Homeless Periods

IMG_7999.jpgIf you know me IRL, of you’ve been following me on social media, then you would know that I am an avid supporter of Share the Dignity.  This year, I decided that instead of just supporting the charity by donating resources, I would be the change I wanted to see in the world, and signed up to be a Shero. A Shero is a woman who organises a collection point for the #DignityDrive, and it’s SHEro, instead of HEro, to acknowledge that woman are doing the work.

 

As a part of my work for Share the Dignity, I was asked by the VIEW to give a talk to the local Murwillumbah club about the work that Share the Dignity do. I thought it was so exciting that I just had to share it all with you.

 

So what is Share the Dignity, and why am I banging on about pads, tampons and incontinence products?

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Banging on about pads and tampons. NBD

Share the Dignity was launched in 2015, when the founder, Rochelle Courtnay heard about a story of a woman being fined $550  for stealing a $6.75 packet of tampons. From there, Rochelle began collecting pads and tampons from her community members, with a collection point on her front verandah. Now, Share the Dignity is a nation wide charity with numerous events to get involved with which aims to provide pads and tampons to homeless women.

 

Why? Why collect all this Lady Equipment? Can’t woman just buy their own pads and tampons and be quiet about it? Well, if you are lucky enough to have a roof over your head, and food on the table, you’ve probably never really had to worry too much about where you get your lady equipment from. You might be familiar with the tampon scrounge; where you go through all of your handbags, pockets and belongings to find that one tampon when you’re caught short. You may have even asked a friend if they could spare a tampon, but generally, these types of circumstances are rare, and you know you can pop down to the local shops and buy your preferred brand of lady equipment.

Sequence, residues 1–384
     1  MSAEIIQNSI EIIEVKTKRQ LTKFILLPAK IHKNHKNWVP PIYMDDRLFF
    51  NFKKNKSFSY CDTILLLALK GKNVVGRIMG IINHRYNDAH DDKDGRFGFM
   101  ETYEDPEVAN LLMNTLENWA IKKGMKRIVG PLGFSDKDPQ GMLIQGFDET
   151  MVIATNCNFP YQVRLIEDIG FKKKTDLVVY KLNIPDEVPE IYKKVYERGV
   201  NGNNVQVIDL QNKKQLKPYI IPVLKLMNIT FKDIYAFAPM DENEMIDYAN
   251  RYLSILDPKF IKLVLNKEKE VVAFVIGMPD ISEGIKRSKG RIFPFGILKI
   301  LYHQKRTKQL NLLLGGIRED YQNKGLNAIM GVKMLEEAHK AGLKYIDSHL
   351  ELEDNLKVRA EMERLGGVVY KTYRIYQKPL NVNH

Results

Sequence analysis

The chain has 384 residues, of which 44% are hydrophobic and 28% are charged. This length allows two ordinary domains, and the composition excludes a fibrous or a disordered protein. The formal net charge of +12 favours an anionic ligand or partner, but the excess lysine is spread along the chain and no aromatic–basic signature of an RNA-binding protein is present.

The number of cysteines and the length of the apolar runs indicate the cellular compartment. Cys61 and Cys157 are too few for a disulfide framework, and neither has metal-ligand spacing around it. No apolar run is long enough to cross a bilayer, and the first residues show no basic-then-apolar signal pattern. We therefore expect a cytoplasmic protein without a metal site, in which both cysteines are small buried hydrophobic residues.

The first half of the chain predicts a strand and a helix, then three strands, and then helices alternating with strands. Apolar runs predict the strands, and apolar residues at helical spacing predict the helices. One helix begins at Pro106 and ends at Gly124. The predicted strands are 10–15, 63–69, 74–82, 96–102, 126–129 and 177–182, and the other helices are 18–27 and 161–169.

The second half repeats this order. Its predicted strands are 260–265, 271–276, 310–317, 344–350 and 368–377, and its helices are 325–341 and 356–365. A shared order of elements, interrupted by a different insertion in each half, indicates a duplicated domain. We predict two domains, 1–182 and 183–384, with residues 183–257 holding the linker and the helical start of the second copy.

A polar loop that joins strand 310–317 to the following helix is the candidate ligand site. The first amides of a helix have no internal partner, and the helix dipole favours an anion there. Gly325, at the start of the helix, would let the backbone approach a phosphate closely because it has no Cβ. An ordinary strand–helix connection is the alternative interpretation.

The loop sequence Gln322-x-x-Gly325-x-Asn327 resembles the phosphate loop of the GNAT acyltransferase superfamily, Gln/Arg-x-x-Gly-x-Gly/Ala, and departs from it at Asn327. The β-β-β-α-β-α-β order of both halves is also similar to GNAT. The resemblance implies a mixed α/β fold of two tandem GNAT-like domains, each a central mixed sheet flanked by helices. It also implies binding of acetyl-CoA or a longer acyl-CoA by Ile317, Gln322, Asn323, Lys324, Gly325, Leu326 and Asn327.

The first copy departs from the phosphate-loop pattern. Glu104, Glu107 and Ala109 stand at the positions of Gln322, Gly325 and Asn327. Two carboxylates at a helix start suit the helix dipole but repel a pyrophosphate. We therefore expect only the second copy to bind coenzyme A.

However, for some woman, this is not the case. Fore homeless woman, getting your period is a massive problem. This story   in the Conversation for NADOC week details the problem in aboriginal communities and explains how some girls are missing school because they have their period. I knew this was happening in their world countries, but I never thought to think about it happening in this country.

Why do all these women need pads and tampons? Because due to domestic violence too many women are homeless and these women face a monthly problem, on top of all the challenges associated with homelessness.

 

Why woman? Domestic, intimate partner and family violence disproportionately effects woman . If you follow the counting dead woman project you would be aware that 21 women have died this year, and 73 women died last year as a result of domestic violence.

1 in 4 women have experienced domestic, family or intimate partner violence at some stage of their lives. 

11,403 woman are homeless in NSW

Woman account for 63 percent of domestic violence victims- this translates to 13,124 victims of intimate partner violence.

In the Tweed region, .36percent of the population is homeless,  ranking 129th/ 328 in Australia.

Domestic violence in the main cause for homelessness amongst woman.